Reflection

River Lochay, Killin

The snow has melted from the mountains leaving only patches of white in the deepest crevices. The rivers are roaring and, with the constant rain fall in the last week, the river banks have burst. From the park the farmers field looks like loch Tay and the ducks have reallocated there for the day.

Falls of Dochart, Killin

With an abundance of water though, comes an abundance of reflections, and I love a reflection. It’s like the water is capturing just a fragment of the world and holding it still.

Despite all of the flooding though, today was the first time this year that the warmth from the sun touched my skin. It is a wonderful feeling. I was mid walk with Helen and the dogs and I just stopped, closed my eyes, and soaked it up. Recognising this moment is an important tradition for me. I like to acknowledge that I am experiencing the cusp of change – in other words spring, and then let that feeling of newness wash over me. I know now that my little world will become greener, the garden will come to life, walks will be slower and days longer.

But returning to the now and to the reflections I spoke of earlier, I would like to leave you with a prompt.

PROMPT

Write a small memoir/true life story where water plays a significant part. Imagine you are viewing that moment in a puddle, what does it look like? Really delve into the details, what colours do you see, what shapes? Is there multiple faces in your puddle or just your own? How does the person you are now feel about the reflection? How does the person you where then feel about what was happening at the time? Can you compare and contrast your emotions? Has the shape of the puddle changed over time? If you could drop a pebble into your puddle and distort it or even change the reflection, what would you want it changed to? Or would you freeze it that way forever?

Happy writing folks

Heron

Snow whipped down the Tarmachan Ridge, and gathered in hoof prints in a field by the Lochay.

That’s where we met.

You, hunkered in a grey fur coat
Bedraggled and stiff
Gathering the cold
Like a sobering drunk at a bus stop Knowing the last bus has gone,

And me, cowering from the wind,
Dressed for Siberia,
With hot-breath-blow-back flowing Like the Dochart beneath my mask.

I might have passed you by
Had it not been for the sun’s flame
Painted on the dead bracken
Catching my eye.

But I stopped, and a moment passed, You fluffed your feather boa, And I straightened my mask.



A Snow Kiss

Killin Scotland

We had so much snow yesterday but most of it melted as it hit the ground. It did lie on the grass through. When I went out with the dogs, on a not very adventurous walk around the park, the snow was blowing sideways, big thick snow that made visibility difficult. I kept my face to the ground, hurrying my wee legs as quick as I could with the vision of a steaming mug of tea waiting for me at home, and of course my jammies.

It’s easy to take the surrounding beauty for granted when the weather isn’t to your liking, and to be honest, the above picture was taken on another day when the wind was just a wee whistle and, the snow just a wee crust on the periphery of my walk. It wasn’t until I was on my last lap of the park when a flake of snow, a giant flake of snow, landed on my lip. It was only a second before it melted, but the wee snow kiss ripped me out of my daydream and I found myself in the middle of a snow globe. There wasn’t another in sight, just me and my snow patterned dog, who looked at me wondering why I had stopped. It was a moment of absolute beauty, from the cold fizz of the melting snow on my lip, to my tongue reaching for a taste. I was utterly alive. For the remainder of my walk I kept my head up, letting the snow land on my face, my hat, but it only took.a single kiss to bring me into the present moment.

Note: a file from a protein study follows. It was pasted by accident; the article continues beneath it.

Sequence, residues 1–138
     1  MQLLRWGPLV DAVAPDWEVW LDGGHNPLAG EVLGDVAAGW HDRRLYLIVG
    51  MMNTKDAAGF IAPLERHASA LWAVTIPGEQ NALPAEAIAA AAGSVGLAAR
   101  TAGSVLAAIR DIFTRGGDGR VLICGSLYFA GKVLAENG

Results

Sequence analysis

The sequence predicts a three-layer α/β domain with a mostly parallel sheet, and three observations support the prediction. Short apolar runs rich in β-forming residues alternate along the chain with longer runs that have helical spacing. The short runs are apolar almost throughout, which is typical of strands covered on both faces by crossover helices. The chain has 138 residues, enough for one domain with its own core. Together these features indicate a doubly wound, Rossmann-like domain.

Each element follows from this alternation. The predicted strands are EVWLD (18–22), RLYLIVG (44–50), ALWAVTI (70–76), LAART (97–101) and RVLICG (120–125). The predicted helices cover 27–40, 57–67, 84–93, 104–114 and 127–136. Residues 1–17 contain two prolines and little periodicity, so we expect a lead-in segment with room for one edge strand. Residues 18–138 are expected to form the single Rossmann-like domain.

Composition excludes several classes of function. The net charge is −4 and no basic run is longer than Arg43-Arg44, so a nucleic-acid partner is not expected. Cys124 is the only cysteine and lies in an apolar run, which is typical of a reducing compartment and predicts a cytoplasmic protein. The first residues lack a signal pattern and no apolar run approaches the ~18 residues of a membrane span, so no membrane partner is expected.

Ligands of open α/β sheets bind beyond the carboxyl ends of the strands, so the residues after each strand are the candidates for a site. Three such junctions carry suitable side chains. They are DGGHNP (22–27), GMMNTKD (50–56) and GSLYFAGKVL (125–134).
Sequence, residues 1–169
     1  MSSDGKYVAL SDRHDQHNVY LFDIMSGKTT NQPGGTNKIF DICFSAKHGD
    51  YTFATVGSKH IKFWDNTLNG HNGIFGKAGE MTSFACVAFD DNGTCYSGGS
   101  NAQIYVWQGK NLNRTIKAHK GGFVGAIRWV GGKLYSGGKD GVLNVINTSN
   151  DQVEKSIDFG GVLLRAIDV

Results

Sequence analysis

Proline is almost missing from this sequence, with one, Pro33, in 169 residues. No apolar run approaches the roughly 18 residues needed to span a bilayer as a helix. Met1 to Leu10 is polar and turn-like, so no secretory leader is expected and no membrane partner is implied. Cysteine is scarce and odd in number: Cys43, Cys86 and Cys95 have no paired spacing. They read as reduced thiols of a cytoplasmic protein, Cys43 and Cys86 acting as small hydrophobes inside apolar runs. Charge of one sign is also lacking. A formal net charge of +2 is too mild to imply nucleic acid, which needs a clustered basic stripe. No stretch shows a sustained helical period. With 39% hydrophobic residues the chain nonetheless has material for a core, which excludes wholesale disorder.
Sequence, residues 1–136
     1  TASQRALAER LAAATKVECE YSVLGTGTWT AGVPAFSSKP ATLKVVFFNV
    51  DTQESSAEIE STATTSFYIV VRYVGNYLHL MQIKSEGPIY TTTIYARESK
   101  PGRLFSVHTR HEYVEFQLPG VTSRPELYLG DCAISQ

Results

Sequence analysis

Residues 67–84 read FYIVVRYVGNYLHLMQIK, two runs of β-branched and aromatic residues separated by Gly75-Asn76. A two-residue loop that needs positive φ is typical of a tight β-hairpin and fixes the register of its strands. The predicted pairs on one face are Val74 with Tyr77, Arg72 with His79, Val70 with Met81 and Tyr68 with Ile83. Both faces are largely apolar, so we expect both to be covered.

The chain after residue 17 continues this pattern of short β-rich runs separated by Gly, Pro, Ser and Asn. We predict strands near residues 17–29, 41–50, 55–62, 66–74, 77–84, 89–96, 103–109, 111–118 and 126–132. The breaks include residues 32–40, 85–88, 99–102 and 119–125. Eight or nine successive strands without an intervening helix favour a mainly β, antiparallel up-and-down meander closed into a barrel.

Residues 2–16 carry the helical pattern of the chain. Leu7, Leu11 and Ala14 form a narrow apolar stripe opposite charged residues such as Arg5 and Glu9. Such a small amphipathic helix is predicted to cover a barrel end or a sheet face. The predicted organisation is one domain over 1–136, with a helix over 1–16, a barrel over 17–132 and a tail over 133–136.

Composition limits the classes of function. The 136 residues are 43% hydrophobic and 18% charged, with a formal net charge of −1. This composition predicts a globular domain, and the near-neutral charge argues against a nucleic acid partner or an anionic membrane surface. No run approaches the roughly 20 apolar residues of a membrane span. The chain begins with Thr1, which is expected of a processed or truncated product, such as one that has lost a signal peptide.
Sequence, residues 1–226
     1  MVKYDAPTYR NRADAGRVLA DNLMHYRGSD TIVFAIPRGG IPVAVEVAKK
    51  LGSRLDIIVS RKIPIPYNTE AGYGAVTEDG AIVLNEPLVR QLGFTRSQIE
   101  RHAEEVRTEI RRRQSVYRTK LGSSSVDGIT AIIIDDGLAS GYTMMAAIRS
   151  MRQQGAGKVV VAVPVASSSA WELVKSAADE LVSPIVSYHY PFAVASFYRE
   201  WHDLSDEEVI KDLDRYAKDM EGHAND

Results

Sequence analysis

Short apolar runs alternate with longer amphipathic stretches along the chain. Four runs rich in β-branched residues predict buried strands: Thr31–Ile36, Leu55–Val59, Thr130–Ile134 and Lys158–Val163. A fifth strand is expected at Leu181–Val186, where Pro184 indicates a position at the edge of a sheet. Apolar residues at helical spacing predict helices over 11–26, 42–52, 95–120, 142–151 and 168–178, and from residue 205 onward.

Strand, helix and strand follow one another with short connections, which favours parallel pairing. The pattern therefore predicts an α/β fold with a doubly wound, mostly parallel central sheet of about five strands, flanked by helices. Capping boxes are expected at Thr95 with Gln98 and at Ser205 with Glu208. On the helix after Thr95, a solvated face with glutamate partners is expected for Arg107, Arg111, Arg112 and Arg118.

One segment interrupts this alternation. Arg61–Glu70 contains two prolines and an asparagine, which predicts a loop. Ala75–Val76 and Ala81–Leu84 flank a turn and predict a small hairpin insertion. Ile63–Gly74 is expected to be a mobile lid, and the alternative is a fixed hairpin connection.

What is the weather like where you are?

The Old Cemetery

The sign for the old cemetery in Killin, Scotland

Imagine stumbling across an old grave yard. Imagine wandering amongst the dilapidated weather worn grave stones. Imagine a cold chill wrapping around your neck while a black crow squawks from a stone wall. Imagine the iron gate creaking as it swings to and fro on rusty hinges. Now imagine a shadow, small at first, but growing longer as a figure appears below the orange light on the old kirk building. Suddenly, you see a face.

Prompt

Write a story or poem about the face that appeared in the old cemetery. Who is it, what do they want? How do you feel and do you stay to talk or run as fast as you can? You decide.

Happy writing folks and thanks for visiting.

Is it a Genie or a Cloud?

The night sky in Killin

One of the best things about living in the Scottish Highlands in the wee detached village of Killin, is the night sky. It’s pretty dark at night, with little light pollution and the brightest moon I’ve ever seen. When there is a scattering of clouds, however, the sky puts on the most spectacular show of patterns and shapes, it’s like art. When the days are clear and the rain is at bay, we have a new exhibition to indulge in every night, and often with twinkling stars dotted in between. That’s not to say it’s not freezing, wrapping up is essential for sky gazing. The picture that accompanies this post was taken in December 2020. It was taken on my phone and zoomed in. I couldn’t help but notice a genie smoking his pipe and pondering what’s to become of this bloody pandemic.